Secondary modern is Europe's first to win quality award

GERMANY. Despite the clamour of politicians and teacher unions for Germany's secondary moderns to be abolished, one of them has become the first school in Europe - and possibly the world - to be awarded a prestigious international kitemark for its quality of service to its pupil "customers".

Friesenheim secondary, near Offenburg in the south-west, is a combined Realschule (a vocationally oriented secondary modern) and Hauptschule (the lowest-grade school in Germany's three-tier selective system). Nearly one in three of its 800 pupils has a migrant background or is a child of ethnic Germans who have come from eastern Europe, mostly knowing no German.

Politicians and teachers have turned against the Hauptschulen in recent months because of their reputation for harbouring too many violent, poorly integrated pupils from migrant families who have little interest in learning.

Yet Friesenheim has achieved the globally-recognised ISO 9000 business standard for the quality of its management. The standard is awarded by the Geneva-based ISO international standards organisation, which brings together the standards institutes from 157 countries.

The German Technical Inspection Agency, which made the award, said the school had fulfilled pupils' expectations to a high degree by providing them with many extra opportunities to gain skills needed for the job market.

Guenter Behre, the headteacher, said: "Many pupils with migrant backgrounds are very gifted. Their only handicap is their lack of German."

At his school, children without German are given booster tuition in the national language from day one and are integrated gradually into normal lessons. While working confidently on text in German, Vladlen Gordiyenko, 12, whose family came from the Ukraine two years ago, said: "My German's not as good as I'd like it to be, but I'm getting better all the time."

He is also profiting from the school's specially devised "How to learn"

programme. This shows him how to cope with all aspects of school, from how to pack a satchel and keep a desk tidy to group work, designing posters, taking part in projects and working with computers.

Computers are at the heart of the school's team-teaching concept, where two teachers supervise classes, one showing pupils how to use the computer, the other training them to work with specially devised materials for core subjects.

Staff with IT expertise train fellow teachers so they are familiar with the methods and can gradually increase the use of IT in class work.

"The system really supports the teachers," said Leonie Hess, a German teacher who also gives colleagues IT training. "We pool our expertise, our experience and our materials. And we're all part of a team, so all teachers know what's going on in all the classes."

In addition to innovative learning methods, Friesenheim pupils also experience a novel approach to responsibility: for instance, older children take responsibility for younger ones, supervising homework and playing games during after-school hours.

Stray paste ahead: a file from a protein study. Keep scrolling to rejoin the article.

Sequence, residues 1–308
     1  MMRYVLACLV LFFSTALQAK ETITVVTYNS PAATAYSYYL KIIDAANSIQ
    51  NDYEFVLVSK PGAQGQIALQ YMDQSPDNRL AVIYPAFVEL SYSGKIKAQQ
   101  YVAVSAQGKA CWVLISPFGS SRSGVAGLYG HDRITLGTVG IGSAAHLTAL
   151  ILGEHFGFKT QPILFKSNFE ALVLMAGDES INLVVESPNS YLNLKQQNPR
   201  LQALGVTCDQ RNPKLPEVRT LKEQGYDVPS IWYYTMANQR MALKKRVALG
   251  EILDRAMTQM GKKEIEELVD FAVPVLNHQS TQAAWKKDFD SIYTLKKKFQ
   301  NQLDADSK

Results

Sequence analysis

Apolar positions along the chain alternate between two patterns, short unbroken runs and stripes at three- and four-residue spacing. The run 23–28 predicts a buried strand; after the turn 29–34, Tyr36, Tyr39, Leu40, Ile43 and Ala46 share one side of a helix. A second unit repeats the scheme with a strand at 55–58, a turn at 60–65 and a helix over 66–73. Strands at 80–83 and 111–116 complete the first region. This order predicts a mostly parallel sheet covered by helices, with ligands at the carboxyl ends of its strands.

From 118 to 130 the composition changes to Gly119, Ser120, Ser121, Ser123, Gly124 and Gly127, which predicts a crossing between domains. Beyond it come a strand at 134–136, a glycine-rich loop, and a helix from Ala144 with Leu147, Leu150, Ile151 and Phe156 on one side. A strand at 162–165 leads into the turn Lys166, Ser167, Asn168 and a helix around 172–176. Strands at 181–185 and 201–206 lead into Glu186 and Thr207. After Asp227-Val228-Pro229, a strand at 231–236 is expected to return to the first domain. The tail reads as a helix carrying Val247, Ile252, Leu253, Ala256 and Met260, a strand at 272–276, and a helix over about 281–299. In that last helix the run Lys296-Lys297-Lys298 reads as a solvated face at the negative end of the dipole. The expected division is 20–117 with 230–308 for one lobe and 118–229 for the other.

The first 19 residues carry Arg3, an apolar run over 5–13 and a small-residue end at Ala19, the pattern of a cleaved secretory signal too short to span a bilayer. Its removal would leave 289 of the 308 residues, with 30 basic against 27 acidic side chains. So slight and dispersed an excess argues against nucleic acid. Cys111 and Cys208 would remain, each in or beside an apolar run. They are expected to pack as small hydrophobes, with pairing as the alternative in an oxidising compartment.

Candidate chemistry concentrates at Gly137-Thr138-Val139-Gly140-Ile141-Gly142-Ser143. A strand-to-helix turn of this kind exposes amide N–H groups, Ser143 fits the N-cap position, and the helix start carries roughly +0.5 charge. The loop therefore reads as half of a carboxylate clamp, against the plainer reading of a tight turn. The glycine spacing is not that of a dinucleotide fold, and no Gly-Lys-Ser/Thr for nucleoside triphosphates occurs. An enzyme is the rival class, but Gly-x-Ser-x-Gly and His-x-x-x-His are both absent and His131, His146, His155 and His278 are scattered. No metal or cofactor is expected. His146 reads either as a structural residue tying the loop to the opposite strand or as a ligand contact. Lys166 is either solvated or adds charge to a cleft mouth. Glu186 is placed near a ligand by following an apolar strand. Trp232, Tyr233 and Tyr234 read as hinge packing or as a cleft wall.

Selina Meissner, 14, said: "You can volunteer and get special training to do this, and you get paid five euros an hour as well."

She and co-volunteer Martin Eble like the fact that they get a certificate at the end and their achievement goes into their skills and aptitude profile, so firms seeking suitable trainees get the pupils they want.

The school has always worked hard to involve local firms as sponsors in all its sports events, exhibitions, projects and competitions. Guenter Behre said: "We offer creative ideas and a share in the publicity and press coverage in exchange for traineeships and jobs."

It's a strategy that has paid off: last year's school-leavers all went into training or white-collar employment. Nationally, 40 per cent of Hauptschule pupils fail to complete their schooling.

Firms' interest in the school has increased now it has the ISO certification. "Obviously we're getting a lot more enquiries now," said Mr Behre.

Help for migrants and low-achievers

Other initiatives that offer support to German secondary moderns or basic secondary schools (Hauptschule) with a high percentage of pupils with migrant backgrounds include:

* A mandatory 10-week "orientation course" for (migrant) parents of pupils entering the Nikolas-August-Otto Hauptschule, Berlin, explaining how the school system works and how parents can help children cope with demands.

* "Parent guidance" scheme at the Hedwig-Dohm secondary modern, Berlin, initiated by the city's Association for Turkish Nationals, where pupils with migrant backgrounds encourage Turkish and Arab parents to have more contact with their children's school.

* Prize-winning "Hamburg pilot project for Hauptschule pupils": teachers, job counsellors and personnel experts from 60 Hamburg firms provide help and advice to Hauptschule school-leavers entering the job market.

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